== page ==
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summer July 12, 2007 09:24

Solving the turbulence equation
Hello, everyone. Now I am trying to model two-phase flow using Eulerian multiphase model with dispersed k-e model. However, I have a convergent problem. When I tried to ingore the turbulence equation in the solution panel, I found it converges well. Does anyone know that whether my solution is reasonable without the turbulence equation? Or is it possible that I will get some reasonable solution when I add this turbulence equation later? Thank you very much.

Joe July 12, 2007 10:13

Re: Solving the turbulence equation
You need to give much more explicit on what you are modelling for anyone to be able to answer your question.

summer July 12, 2007 11:20

Re: Solving the turbulence equation
O.K. I am sorry that I stated my problem simply. Actually, I am trying to model air(gas)-water(liquid) two-phase flow problem using Eulerian multiphase model. It is unsteady solver with standard k-e turbulence model. I use vel-in for both phases and pressure-out boundary condiition. After the simulation runs, I noticed that the residual of the continuity is quite big (~ 0.1) and it stays flat. I tried to reduce the under-relaxation factor of momentum. The residual went down to ~ 0.001 but also stayed flat (did not converges!) Finally, I noticed that if I did not select the equations of turbulence under the panel of "solve->controls->solution", the residuals go down perfectly. I want to know the effect of the turbulence in the solving processing. Is it possible to get the reasonable solution in this way? BTW, I also tried to refine my mesh or reduce the time step during the calculation but the residuals did not go down. Thank you very much.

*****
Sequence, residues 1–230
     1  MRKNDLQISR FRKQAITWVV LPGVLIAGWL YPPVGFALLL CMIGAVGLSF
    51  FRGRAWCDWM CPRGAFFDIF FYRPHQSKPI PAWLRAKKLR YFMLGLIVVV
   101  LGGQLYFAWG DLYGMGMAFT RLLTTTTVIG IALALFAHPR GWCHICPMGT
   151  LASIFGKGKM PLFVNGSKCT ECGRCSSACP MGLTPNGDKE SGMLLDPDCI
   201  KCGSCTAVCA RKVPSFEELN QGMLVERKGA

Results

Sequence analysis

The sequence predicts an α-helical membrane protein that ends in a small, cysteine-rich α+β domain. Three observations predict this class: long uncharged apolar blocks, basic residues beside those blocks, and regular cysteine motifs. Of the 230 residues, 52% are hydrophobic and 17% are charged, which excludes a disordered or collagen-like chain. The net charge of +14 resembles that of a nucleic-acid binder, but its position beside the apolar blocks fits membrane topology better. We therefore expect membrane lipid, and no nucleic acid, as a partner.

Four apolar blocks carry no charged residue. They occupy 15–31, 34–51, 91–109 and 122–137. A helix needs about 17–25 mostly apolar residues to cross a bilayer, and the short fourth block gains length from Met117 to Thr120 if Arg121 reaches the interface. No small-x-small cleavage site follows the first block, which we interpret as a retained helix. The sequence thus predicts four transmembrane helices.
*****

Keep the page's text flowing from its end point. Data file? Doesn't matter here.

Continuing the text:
Joe July 12, 2007 16:30

Re: Solving the turbulence equation
Turbulence is multiphase flow is a thorny issue ... Reynolds number dependancy etc.

Summer July 13, 2007 09:57

Re: Solving the turbulence equation
I use air-water two-phase flow. Since the superfacial velocity for air is about 0.23 m/s and for liquid is 2 m/s and the void fraction is 10%. The Reynolds number for gas is only 736 but for liquid is 1e5, which is quite large.

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